If you have a young girl in the house (or have a young niece or granddaughter), chances are good that she will have ballet aspirations at some point. There is something magical about the graceful soaring and big, poofy tutus so prominent in classical ballet. A plethora of "ballet" books are lurking in your local library; some are merely about young girls hoping to be ballerinas and wearing pink tutus. Others actually showcase the ballets themselves. Below are some books in the latter category; while all aren't what I'd term "great literature," they're all fun diversions and are sure to entertain the aspiring ballerinas in your life. My daughter embarks on her third annual ballet camp this coming week (Snow White this time), so these books have been in hot circulation at our house in recent weeks.

Saturday, June 16, 2012

Literary Fathers--the Good, the Bad, and the Ugly

Megan and I have long discussed the absence of good father figures in children's literature. Have you ever noticed this lack? I came up with 10 favorite book moms (and types of book moms) quite easily around Mother's Day. But it's not so easy to do for book dads. Here's a quick snapshot of what we have to work with:

  • Picture books: a smattering of "I love you" type books about Dads-kids (such as Daddy, I Love You), but not a whole lot of picture books actually featuring dads being, well, great dads.
  • Fairy tales and folk tales: oh, boy, folks. Have you ever noticed that, while mothers are strikingly absent and replaced by mean, nasty stepmothers, the dads in fairy tales are downright awful? Beauty's dad bargains away a daughter in return for a safe return home, the miller tells the king his daughter can spin straw into gold, Hansel and Gretel's dad lets his wife talk him into leaving his children in the forest to die,....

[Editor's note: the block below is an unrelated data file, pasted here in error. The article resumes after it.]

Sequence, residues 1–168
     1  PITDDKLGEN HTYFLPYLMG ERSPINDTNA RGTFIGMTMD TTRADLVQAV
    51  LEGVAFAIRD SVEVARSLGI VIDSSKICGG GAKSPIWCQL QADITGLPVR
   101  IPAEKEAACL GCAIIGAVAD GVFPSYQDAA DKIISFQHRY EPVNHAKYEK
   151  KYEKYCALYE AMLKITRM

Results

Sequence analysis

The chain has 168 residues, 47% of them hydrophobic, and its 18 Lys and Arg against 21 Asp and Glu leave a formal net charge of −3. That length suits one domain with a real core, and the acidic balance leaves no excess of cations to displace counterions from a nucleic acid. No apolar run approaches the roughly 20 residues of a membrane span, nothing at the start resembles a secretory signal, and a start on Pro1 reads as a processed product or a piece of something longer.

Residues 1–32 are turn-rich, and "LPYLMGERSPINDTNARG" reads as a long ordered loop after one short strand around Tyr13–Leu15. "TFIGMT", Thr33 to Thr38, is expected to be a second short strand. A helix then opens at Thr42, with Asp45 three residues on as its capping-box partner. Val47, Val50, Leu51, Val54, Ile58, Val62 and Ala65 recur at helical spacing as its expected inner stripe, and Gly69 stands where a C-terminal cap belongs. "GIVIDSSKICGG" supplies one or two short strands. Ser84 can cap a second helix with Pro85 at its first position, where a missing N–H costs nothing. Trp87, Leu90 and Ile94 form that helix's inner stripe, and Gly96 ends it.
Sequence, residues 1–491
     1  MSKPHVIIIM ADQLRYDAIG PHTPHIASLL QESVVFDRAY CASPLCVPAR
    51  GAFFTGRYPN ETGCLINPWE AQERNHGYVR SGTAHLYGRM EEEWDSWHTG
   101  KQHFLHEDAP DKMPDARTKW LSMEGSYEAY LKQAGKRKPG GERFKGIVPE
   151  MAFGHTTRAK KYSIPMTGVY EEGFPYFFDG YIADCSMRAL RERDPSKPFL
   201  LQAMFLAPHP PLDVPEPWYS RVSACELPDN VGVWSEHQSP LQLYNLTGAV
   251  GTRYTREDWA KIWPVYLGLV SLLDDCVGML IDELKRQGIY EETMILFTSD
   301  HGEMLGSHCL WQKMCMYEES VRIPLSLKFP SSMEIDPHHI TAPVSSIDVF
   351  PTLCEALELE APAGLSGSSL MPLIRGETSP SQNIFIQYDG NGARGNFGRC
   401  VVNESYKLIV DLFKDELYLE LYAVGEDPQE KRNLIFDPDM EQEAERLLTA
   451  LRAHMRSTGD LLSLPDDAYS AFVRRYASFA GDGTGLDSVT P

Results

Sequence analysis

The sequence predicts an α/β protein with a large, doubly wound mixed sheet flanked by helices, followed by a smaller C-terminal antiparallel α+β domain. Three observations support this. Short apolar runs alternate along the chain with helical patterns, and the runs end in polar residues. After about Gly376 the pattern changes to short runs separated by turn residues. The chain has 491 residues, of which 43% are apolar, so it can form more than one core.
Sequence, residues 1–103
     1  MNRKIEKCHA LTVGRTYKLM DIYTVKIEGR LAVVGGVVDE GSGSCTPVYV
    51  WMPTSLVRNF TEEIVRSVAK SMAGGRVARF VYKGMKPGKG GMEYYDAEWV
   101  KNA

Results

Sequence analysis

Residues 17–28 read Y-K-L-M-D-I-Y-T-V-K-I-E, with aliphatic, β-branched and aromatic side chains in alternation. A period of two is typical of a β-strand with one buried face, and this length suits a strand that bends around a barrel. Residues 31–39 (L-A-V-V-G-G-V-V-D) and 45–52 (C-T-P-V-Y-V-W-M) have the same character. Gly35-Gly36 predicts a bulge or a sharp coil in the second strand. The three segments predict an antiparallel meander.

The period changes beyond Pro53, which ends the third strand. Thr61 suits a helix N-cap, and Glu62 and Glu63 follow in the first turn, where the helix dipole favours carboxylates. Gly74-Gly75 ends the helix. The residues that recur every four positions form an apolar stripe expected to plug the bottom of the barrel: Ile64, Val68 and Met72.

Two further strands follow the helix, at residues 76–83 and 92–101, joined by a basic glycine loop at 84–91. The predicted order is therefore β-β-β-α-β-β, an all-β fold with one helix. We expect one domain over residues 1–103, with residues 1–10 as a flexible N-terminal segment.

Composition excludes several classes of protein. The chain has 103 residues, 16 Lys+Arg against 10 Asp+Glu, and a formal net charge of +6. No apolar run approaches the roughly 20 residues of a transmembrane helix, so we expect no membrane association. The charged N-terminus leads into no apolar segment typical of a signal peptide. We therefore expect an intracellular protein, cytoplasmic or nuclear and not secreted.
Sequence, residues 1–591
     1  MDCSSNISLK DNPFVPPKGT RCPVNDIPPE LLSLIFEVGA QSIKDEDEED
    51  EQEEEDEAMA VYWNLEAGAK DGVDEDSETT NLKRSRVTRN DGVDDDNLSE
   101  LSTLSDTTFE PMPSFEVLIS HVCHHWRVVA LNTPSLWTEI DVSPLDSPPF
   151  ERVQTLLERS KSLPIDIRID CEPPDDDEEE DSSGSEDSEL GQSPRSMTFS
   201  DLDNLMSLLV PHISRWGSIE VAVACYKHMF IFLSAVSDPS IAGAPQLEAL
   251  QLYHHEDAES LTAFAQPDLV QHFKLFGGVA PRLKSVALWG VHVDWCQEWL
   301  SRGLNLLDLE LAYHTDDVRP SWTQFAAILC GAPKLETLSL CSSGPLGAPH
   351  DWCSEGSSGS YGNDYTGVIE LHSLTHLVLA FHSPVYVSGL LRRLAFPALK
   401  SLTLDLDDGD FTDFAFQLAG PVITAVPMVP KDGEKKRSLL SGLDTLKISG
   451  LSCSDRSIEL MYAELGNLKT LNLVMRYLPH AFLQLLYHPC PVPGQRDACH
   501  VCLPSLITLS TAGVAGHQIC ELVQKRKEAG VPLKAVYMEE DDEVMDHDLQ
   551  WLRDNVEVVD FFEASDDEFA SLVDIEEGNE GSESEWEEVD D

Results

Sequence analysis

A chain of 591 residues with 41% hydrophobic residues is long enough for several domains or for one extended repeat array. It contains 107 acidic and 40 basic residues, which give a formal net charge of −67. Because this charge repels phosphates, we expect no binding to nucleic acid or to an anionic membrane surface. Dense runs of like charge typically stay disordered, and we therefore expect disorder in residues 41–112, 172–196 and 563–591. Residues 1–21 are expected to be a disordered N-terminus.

• Middle grade and Young Adult fiction: the dad is usually absent or, in a plot device that occurs far too often for my tastes, we see the dad-who-abandons-his-child-and-she-discovers-herself-in-novel.... (Moon Over Manifest is a recent award-winning example). Or, we have the terrible-dad-who-sticks-around-and-main-character-still-manages-to-discover-himself (like Schmidt's Wednesday Wars and Okay for Now).
Good dads are out there, but they're hard to find, especially in contemporary children's literature. Here is a small list of noteworthy father figures in books for kids--or books which honor the importance a father has in his child's life:

Mr. Penderwick tops our list. If you haven't met the Penderwicks, do so ASAP!  Mr. Penderwick is a widower with four daughters, and he is a great dad. Really--a GREAT dad. He's not perfect, but he comes pretty darn close.

Mr. Weasley. His wife Molly made my top 10 book moms list, and her husband makes this one. Ingenius, brave, devoted to his family--Mr. Weasley is a great example of a book dad who defends his family, works hard at his job, and loves his wife. (Harry Potter Series)